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HMAS Onslow facts for kids

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A submarine tied up alongside a wharf on a calm day. Numerous skyscrapers are in the background
HMAS Onslow on display at the Australian National Maritime Museum
Career (Australia)
Namesake: Town of Onslow, Western Australia
Ordered: 1963
Builder: Scotts Shipbuilding and Engineering Company, Greenock
Laid down: 4 December 1967
Launched: 3 December 1968
Commissioned: 22 December 1969
Decommissioned: 29 March 1999
Refit: Modernisation (1982–1984)
Homeport: HMAS Platypus Sydney
Motto: Festina Lente ("Hasten Slowly")
Status: Museum ship at the Australian National Maritime Museum
Quick facts for kids
General characteristics
Class and type: Oberon-class submarine
Displacement:
  • 1,610 tons standard
  • 2,030 tons surfaced
  • 2,410 tons submerged
Length: 295.2 ft (90.0 m)
Beam: 26.5 ft (8.1 m)
Draught: 18 ft (5.5 m)
Propulsion:
  • 2 × Admiralty Standard Range supercharged V16 diesel generators
  • 2 × English Electric motors
  • 3,500 bhp, 4,500 shp
  • 2 shafts
Speed:
  • 12 knots (22 km/h; 14 mph) surfaced
  • 17 knots (31 km/h; 20 mph) submerged
  • 11 knots (20 km/h; 13 mph) at snorkel depth
Range: 9,000 nautical miles (17,000 km; 10,000 mi) at 12 knots (22 km/h; 14 mph)
Test depth: 200 metres (660 ft)
Complement:
  • As launched:
  • 8 officers, 56 sailors
  • At decommissioning:
  • 8 officers, 60 sailors
Sensors and
processing systems:
  • Sonar:
  • Atlas Elektronik Type CSU3-41 bow array
  • BAC Type 2007 flank array
  • Sperry BQG-4 Micropuffs rangefinding array
  • Radar:
  • Kelvin Hughes Type 1006
Armament:
  • Torpedo tubes:
  • 6 × 21-inch (53 cm) bow tubes
  • 2 × short-length 21-inch (53 cm) stern tubes (later removed)
  • Payload: Mix of 20:
  • Mark 48 Mod 4 torpedoes
  • UGM-84 Sub Harpoon missiles
Notes: Taken from:

HMAS Onslow (SS 60/SSG 60) was one of six Oberon-class submarines operated by the Royal Australian Navy (RAN). The submarine was named after the town of Onslow, Western Australia, and Sir Alexander Onslow, with the boat's motto and badge derived from Onslow's family heritage. Ordered in 1963, Onslow was laid down at the end of 1967 by Scotts Shipbuilding and Engineering Company in Scotland, launched almost a year later, and commissioned into the RAN at the end of 1969.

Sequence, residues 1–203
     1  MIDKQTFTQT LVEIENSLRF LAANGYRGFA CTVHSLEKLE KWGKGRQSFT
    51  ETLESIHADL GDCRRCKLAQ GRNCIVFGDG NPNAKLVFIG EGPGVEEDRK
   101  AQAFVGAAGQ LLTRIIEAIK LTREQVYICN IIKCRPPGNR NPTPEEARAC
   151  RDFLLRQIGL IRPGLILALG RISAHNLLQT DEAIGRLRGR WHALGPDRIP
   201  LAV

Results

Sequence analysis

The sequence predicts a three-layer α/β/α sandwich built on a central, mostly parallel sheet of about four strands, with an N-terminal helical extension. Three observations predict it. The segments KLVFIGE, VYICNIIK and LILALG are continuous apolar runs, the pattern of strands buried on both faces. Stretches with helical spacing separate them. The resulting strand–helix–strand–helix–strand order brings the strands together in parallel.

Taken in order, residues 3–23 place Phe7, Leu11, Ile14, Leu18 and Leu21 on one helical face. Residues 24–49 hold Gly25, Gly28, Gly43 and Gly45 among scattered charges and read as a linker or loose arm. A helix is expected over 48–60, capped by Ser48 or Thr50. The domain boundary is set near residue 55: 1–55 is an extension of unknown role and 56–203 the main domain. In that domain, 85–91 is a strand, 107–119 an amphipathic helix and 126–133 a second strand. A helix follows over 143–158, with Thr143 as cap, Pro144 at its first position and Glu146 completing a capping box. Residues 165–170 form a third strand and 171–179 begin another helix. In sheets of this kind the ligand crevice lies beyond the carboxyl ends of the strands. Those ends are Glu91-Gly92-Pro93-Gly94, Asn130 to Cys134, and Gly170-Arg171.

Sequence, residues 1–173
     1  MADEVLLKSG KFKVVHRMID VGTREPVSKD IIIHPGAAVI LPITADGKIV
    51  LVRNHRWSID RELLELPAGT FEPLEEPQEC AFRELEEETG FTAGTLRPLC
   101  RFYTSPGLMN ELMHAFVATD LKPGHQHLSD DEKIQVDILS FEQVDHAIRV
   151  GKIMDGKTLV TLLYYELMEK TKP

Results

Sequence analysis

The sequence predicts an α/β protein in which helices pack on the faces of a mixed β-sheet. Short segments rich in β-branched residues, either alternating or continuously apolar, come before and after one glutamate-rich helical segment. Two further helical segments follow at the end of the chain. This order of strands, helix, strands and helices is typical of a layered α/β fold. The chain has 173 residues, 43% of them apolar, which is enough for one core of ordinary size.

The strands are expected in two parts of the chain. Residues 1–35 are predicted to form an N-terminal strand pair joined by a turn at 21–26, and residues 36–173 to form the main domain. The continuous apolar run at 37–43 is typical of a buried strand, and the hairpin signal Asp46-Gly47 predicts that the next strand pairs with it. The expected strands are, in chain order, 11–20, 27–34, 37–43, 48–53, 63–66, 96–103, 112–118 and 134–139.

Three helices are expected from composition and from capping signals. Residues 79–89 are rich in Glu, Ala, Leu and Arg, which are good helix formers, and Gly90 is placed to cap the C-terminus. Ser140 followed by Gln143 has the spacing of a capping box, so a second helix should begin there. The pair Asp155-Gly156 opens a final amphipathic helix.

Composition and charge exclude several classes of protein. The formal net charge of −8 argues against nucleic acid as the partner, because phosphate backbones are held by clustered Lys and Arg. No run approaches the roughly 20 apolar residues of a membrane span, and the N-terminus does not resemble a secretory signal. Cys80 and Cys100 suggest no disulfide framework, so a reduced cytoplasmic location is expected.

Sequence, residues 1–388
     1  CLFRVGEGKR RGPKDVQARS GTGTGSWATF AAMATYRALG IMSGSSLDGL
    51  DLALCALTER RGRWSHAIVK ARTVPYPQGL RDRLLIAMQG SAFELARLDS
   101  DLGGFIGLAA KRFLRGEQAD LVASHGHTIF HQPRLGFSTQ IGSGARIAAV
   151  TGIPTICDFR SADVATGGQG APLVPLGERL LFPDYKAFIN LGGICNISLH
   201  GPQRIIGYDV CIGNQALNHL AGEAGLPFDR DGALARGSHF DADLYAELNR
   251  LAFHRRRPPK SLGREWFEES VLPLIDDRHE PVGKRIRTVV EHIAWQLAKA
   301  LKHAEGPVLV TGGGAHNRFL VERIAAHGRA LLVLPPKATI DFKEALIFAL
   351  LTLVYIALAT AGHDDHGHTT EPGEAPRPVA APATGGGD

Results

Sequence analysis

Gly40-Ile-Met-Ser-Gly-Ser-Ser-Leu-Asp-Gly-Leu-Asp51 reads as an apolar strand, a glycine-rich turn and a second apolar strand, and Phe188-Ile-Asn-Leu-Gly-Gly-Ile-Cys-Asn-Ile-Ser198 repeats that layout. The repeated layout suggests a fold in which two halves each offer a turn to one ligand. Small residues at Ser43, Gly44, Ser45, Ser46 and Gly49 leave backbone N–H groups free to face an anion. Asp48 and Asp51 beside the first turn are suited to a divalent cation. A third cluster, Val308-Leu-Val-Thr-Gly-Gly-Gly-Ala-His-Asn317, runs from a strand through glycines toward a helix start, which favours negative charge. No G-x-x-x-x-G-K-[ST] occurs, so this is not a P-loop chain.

Although never involved in war, three major incidents occurred during Onslow's career. The first occurred in 1972, when a disgruntled sailor who disobeyed orders caused the submarine to dive to almost twice her safe operating depth. As a result, the RAN changed the Submarine Service from being able to "conscript" any sailor for submarine service to volunteer only.

The second happened in 1981, when carbon monoxide fumes from one of the diesel generators filled the submarine, resulting in the death of one sailor. Although changes were made to submarine operating procedures, the boat's company was not provided with any psychological counselling, and the incident report remained classified until 2009. The third was a controversial line-crossing ceremony in 1995, which resulted in restrictions being placed on similar ceremonies aboard RAN vessels. During her career, Onslow became the first conventionally powered submarine to be fitted with anti-ship missiles, and was successful in wargames, "sinking" a seven-ship flotilla during Exercise Kangaroo 3 in 1980 and the United States supercarrier USS Carl Vinson at RIMPAC 1998.

Onslow was decommissioned in 1999, and was presented to the Australian National Maritime Museum, where she is preserved as a museum ship.

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